B: I think it's good. There are a lot of opportunities for young Americans such as USA Cycling and the development program they have. They're sending a great team for juniors over to Belgium now, or to Holland every year. They're coming out light years ahead of where I was as a junior, so that bodes really well. When you look at the U23's that the USA has, they're the best in the world. All the best U23 races in the world, they're in the front and then jump into the pro races and smacking us around too. So the young guys are really promising and I think that the US is at a weird point trying to find its place with balancing the high level of professional international caliber races while still cultivating a domestic scene and a development scene. It's a tricky solution. Obviously for us it's great to have California as a WorldTour race, getting to race against all the best guys in the world. But for a team like Joey's old team, Hincapie, it likely means that they can't even get into the race.

J: It depends if stepping up to the WorldTour level like that excludes the smaller, younger teams from getting exposure. Which it doesn't sound like it will this year but I'm not sure how it's going to work with the new WorldTour races on the calendar. At the World's this year, the juniors were first and third in the time trial. There's a huge future in American cycling.

And the American public? Have they embraced the sport as well?
B: Not quite like over here, like going to Belgium... But I think it's improved since ten years ago in my first years as a pro, in a lot of ways. There's an improved understanding and respect and a new level of excitement. We've seen races like the race in Colorado and the race in Utah, the fans on the side of the road and people's commitment to those races and their passion for them have definitely grown over the years, with the exception of not having Colorado last year but hopefully they'll pick that back up this year.

Brent, you've already been here at BMC for so many years but what is it that keeps you here?
B: It's good livin'. I came to this team under unique circumstances. I was unsure of my career coming off a big injury and the team was just starting out. It was a great fit with us both, setting out down a new path. It's been a rewarding relationship for both of us I think, to grow together. Largely what kept me coming back is the growth pattern and the progression that the team and I have both had and shared together. And then each year it's built upon itself. The longer I'm here the less I can imagine going somewhere else. We have the best equipment in the world, the best support, our calendar is awesome. A good group of guys and it still has a somewhat American component, it's an English speaking team which is good for me.

Any views on the team's new signings?
B: I think they're exciting. It's a good number I think. Having a few new guys is enough to inject a little bit of a freshness into the team. Some new perspectives coming from the different teams but it's not so much that it's a total overhaul having to learn how to work with each other again. We did that, more so in some of the past years, and that can be challenging. But I think we have a nice balance of youth and experience, coming out of the new guys.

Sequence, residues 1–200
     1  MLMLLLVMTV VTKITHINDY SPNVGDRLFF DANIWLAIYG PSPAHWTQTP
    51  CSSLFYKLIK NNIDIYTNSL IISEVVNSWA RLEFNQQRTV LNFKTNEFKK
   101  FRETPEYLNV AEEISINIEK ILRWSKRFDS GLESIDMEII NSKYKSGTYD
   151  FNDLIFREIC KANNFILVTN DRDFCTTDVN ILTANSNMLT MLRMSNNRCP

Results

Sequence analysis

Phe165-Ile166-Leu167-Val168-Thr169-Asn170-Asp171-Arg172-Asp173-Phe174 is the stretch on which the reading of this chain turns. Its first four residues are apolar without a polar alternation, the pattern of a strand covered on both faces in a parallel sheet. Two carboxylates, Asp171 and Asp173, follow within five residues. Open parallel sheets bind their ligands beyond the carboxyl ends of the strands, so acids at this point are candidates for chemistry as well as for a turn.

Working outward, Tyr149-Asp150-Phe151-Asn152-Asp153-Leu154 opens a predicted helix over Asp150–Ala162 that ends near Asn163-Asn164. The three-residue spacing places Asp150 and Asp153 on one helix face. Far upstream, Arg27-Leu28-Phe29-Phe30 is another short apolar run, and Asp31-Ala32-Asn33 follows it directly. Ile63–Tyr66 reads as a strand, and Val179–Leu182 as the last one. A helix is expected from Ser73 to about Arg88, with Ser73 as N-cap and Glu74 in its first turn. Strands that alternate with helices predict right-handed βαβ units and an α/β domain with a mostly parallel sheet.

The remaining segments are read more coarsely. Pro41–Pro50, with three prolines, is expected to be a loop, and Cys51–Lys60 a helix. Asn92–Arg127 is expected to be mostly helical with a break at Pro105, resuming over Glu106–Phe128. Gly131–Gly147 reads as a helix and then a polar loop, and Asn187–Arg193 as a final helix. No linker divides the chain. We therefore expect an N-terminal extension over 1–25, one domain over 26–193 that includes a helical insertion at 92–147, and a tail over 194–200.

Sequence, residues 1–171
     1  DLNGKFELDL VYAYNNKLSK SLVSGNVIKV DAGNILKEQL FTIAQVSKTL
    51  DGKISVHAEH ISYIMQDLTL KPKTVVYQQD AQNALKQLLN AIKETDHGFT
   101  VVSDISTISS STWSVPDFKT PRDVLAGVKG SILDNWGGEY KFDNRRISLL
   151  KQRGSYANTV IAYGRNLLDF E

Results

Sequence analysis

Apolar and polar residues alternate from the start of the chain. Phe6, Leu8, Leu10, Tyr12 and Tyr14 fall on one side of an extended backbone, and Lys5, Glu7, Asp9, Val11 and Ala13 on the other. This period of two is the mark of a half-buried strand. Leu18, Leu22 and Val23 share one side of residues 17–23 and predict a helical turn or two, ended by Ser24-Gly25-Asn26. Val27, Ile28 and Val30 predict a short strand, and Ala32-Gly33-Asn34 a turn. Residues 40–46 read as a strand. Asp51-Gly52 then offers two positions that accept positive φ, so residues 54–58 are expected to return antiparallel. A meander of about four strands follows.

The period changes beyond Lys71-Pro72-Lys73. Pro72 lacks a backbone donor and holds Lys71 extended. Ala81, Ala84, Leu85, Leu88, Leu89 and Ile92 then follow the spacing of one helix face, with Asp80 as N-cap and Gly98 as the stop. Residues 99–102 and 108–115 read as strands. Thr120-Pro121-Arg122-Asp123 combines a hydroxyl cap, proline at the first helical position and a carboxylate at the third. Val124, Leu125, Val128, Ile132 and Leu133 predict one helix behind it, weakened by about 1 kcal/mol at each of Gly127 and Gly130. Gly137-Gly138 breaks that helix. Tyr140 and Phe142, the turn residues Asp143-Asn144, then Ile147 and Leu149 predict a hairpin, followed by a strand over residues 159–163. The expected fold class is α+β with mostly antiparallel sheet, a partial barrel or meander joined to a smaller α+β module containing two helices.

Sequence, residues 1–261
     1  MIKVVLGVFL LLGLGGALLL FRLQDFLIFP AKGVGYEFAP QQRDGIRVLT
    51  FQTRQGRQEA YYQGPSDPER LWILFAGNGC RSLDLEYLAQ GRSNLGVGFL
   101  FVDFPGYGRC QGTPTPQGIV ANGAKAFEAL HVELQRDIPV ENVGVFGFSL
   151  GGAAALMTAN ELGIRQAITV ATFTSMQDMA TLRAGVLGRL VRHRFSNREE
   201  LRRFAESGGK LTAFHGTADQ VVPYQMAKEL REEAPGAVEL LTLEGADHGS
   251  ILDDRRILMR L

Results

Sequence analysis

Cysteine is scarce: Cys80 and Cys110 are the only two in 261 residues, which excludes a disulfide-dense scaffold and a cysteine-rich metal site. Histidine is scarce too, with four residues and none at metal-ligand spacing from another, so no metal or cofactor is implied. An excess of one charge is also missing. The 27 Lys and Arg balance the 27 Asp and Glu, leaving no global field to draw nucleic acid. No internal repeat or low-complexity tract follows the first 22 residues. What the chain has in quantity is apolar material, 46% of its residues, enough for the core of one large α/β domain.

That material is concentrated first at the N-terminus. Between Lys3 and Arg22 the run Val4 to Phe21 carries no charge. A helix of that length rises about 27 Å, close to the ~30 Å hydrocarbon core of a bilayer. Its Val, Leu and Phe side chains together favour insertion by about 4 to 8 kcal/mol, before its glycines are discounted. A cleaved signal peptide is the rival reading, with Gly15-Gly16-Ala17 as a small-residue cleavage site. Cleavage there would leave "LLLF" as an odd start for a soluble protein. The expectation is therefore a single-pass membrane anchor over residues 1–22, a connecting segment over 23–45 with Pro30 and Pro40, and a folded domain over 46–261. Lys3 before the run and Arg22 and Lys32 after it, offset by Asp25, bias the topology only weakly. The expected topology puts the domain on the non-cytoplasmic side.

Joey, which of your teammates do you most like to work with?
J: There's no one on the team that I don't get along with. It's a group of easy-going guys for the most part. I like showing up to a race and just getting put in a room with someone that I haven't seen for a couple or months because our schedules haven't overlapped for whatever reason. That's always a cool experience, getting put in a situation with someone new on the team every once in a while.

And it's good to see of them now, at the training camp again?
J: Yes. A couple of guys I didn't race with at all last year.
B: The last time you'll see some of them.
J: Yeah, in December we get to spend a good chunk of time together and then you just build on that any time you're a roommate or in a race with someone after this. Everyone is a pleasure to be around.

Brent, you recently retweeted an article about the roster cuts, the rider reduction. The article was against it. Is that what you feel as well?
B: I'm not necessarily against it if it's done with respect to everyone involved, being the teams, the riders, the races and the governing body. This time, as far as I'm aware of, that wasn't really the case. I think a lot of those parties weren't involved and I think cycling has been held back by this sort of decisions, thinking in the past. Until we can get sort of cohesive and on the same page, really actually working together...

It's a small world and we should all really be on the same team. It should be less about the power play, trying to stick the other one in the corner. Looking out we can really professionalize and legitimize this whole sport. In this case there's no sense of that happening. As riders we weren't involved in that decision at all. Part of that, we have to own, is that historically we haven't elevated ourselves and put ourselves at the big kids table with those other stakeholders and show that we deserve to be there and work to make steps to be more involved, take more responsibility and be there.
Photo of Brent Bookwalter and Joey Rosskopf by Mary Cárdenas /